Richard Hayward

Richard Hayward Deceased

Guidebook Information
Coast to Coast Walk



The Cotswold Way & Windrush Way
Two Walks Through Middle-Earth



Story of a walk through the Shire of J.R.R. Tolkien's imagination  from Bath to Chipping Campden.  Visit Old Sodbury and Broadway Tower, Hetty Pegler's Tump and Wotton-under-Edge.... The story is full of practical tips and will give you a feeling for doing it yourself, finding your own pace, getting lost, meeting the locals and finding yourself again. The Windrush Way is for those who prefer fewer hills and more villages. New edition includes "Walking Notes" and sketch maps.
#BF84806 88pp This is a British Footpath Journal.



$12 postpaid

Guidebook Excerpt:

Supperless in Painswick... Crossing the canal, I passed a public (private) school before heading uphill to Three Bears Wood! No bears (or bulls) to be found today however ... so I left this whimsical woodland and entered the larger Standish Wood, where I sped along the wide forest path. Once again I was a Strider through the hinterlands of the Shire. I was enjoying this. Just then a movement caught my eye. With a rustle and a flash of color, something dis-appeared into the trees about fifty yards in front of me. It appeared to be quite short, and was wearing some garment I did not immediately recognize. A child, perhaps? There! Another sound --this through the trees. A muffled clanking noise, followed by a leathery thud, as if someone were saddling a horse. This was growing curiouser and curiouser. I caught another glimpse of trailing garments, this time accompanied by a voice, "Merry, look over here!" Merry?! I increased my pace, searching the woods to my right for the owner of the voice. The path, however, turned sharp left and catapulted me into a large clearing, where I found myself surrounded by a scurrying throng of waistcoats and wooden carts and pikestaffs. Not to mention clanging armor and whinnying horses. Cripes! I thought, there really are hobbits in these hills. And Tookish hobbits at that. About two hundred of them, by my rapid estimate. What the bloody hell was going on here?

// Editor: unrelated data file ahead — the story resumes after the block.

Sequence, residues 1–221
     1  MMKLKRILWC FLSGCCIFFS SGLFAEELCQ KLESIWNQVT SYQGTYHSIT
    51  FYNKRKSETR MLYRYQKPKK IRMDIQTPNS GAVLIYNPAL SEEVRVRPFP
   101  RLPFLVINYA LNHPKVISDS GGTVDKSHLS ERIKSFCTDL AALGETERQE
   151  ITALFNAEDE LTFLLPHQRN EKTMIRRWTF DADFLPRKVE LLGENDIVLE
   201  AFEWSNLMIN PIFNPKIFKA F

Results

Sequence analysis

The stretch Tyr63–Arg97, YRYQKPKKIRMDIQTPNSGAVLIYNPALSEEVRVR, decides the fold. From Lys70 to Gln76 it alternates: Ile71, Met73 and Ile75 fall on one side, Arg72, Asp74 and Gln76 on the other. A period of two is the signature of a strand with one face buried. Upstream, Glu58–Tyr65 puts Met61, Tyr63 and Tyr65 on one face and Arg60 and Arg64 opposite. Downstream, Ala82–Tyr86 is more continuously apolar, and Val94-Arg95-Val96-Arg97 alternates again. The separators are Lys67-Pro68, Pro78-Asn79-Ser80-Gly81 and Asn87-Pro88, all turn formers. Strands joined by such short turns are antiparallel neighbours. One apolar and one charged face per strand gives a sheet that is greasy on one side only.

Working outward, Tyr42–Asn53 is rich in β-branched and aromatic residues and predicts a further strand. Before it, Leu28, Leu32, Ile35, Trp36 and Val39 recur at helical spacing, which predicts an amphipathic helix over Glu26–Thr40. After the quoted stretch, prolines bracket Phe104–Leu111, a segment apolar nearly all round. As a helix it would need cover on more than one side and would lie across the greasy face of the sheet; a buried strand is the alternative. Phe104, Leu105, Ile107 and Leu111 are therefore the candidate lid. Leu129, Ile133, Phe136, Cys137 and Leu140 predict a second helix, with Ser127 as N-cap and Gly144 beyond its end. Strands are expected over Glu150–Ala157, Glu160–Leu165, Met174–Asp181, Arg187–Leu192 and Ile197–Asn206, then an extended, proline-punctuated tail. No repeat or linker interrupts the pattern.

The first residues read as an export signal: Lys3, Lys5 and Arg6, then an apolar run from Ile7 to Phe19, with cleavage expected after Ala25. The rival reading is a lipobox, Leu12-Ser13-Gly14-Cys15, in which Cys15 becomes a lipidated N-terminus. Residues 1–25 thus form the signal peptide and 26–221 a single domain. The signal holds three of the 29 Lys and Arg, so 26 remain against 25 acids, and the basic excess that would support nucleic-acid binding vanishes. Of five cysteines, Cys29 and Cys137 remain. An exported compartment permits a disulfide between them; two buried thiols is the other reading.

What was going on was a bloodless re-enactment of the Battle of Gloucestershire! The colorful costumes belonged to members of the English Civil War Society, out in force to celebrate the Roundhead victory over Royalist troops, more than 350 years ago, on 7 September 1643.

Here they were, dressed in black broadcloth vests and trousers, with billowing white shirts and felt hats for "helmets." They carried long pikes, muskets and swords, plus carts for carrying goods. The ghost of Oliver Cromwell doubtless rode somewhere among the troops, with a worried expression on its Puritan face. I arrived just as the group was setting off on a three-mile march. Not everyone went, however, some of the older folk not feeling up to the long walk. I struck up a conversation with one white-whiskered fellow in full regalia. We also took photographs of each other. He will serve as a "Hobbit on Holiday" for my scrapbook. I'm not sure what kind of curiosity he considered me. Had I been more alert -- or awake -- I might have marched along with the group, and perhaps learned what moves 20th-century English hobbits to take up pikestaffs and matchlocks.

As it happened, I looked at the map (six miles to Painswick, the next village), and meekly followed the designated path to Haresfield Beacon -- an old hillfort site with excellent views and barrow mounds. From there I could look back, and see the last of the Civil War Society brandish their broadswords and join the rollicking march.... I couldn't help thinking it might have been less odd, had they turned out to be hobbits, after all!


Also recommended:

Cotswold Way, by A. Burton (with Ordnance Survey maps)
-- Best value of a half dozen guides to this walk. 

Touring Map #8 (Overview of Region)  


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